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  5. The stacked stones look fantastic! I have to admit, I plant mint and lemon balm and many herbs nearly everywhere. Why? So many of the herbs have essential oils that repel mosquitoes. However, my only "garden in the ground" is really a raised garden. So really not the same thing as a vast garden or anything. I would rather smell the scent of herbs than swat mosquitoes!
    Brenda

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    1. Nothing wrong with planting them in raised beds like yours, Brenda - worst case scenario, if they get out of hand, you dump out all the soil and start fresh!

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  6. Love your garden, it is looking fabulous and so is the rest of the yard.

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    1. Thanks, Marty! Sometimes I think I'm crazy, since it's a lot of work....but you know what? It's also a good workout!

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  7. Everything looks so pretty in your crooked garden but are you sure you don't want mint? Just kidding. Every gardener I know has battled mint at one time or another. It starts out so pretty and you think it's all good and then BAM it's everywhere and it gets to be an ugly mat on the ground.

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    1. I remember my mom planting it years ago, when I was quite young, and then battling it forever after. I remembered that lesson!!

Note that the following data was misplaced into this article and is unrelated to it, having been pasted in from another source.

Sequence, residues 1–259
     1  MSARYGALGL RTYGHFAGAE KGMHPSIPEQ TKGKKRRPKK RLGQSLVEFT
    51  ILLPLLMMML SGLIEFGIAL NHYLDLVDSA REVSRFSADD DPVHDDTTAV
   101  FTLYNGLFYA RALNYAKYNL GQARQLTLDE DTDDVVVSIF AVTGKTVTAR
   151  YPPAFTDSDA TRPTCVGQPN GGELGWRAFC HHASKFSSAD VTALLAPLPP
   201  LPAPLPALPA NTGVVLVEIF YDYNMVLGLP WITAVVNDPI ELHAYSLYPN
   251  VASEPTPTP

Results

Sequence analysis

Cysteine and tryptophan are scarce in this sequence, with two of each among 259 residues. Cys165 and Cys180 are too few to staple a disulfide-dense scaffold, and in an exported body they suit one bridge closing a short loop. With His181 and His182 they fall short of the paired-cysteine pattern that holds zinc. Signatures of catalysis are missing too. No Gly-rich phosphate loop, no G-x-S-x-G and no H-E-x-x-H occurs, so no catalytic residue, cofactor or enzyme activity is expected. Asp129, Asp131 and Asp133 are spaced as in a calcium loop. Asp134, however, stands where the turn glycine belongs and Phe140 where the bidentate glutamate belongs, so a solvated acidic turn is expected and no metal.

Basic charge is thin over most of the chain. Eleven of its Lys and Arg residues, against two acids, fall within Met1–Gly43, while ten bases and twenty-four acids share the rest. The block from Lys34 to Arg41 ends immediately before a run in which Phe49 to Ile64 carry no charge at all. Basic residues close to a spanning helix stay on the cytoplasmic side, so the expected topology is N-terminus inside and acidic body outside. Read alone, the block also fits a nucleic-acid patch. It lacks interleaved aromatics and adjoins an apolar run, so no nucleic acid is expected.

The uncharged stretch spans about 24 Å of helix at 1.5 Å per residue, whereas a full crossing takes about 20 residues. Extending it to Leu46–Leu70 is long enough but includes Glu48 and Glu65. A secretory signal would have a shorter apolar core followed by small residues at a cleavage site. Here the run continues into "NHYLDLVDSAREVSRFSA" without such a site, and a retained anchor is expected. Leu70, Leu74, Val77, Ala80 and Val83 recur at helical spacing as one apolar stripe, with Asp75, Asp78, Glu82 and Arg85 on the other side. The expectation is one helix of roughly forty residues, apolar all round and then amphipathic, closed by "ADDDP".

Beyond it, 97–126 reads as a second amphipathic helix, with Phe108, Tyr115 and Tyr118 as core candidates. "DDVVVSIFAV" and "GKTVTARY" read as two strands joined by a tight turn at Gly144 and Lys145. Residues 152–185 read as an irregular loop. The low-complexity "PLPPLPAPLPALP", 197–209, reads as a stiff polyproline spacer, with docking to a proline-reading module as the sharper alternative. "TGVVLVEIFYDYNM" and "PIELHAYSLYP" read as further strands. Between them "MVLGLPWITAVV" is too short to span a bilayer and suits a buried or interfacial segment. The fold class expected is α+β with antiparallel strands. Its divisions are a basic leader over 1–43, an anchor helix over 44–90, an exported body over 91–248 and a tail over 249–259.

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  8. I love gardens, big and small. Yours is perfect.

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    1. Same here, Dayle. I just need things growing, whether it be on a balcony or in the ground....surround me with plants and flowers and I'm at my happiest!

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  9. It all looks wonderful! :) You probably hurt that bear's ears with your screaming the other day ...hope so, anyway :)

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  10. It all looks wonderful! :) You probably hurt that bear's ears with your screaming the other day ...hope so, anyway :)

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    1. I'd say the fact that he didn't find any food here, after three visits, sent him off in another direction.

      Hopefully. Fingers crossed!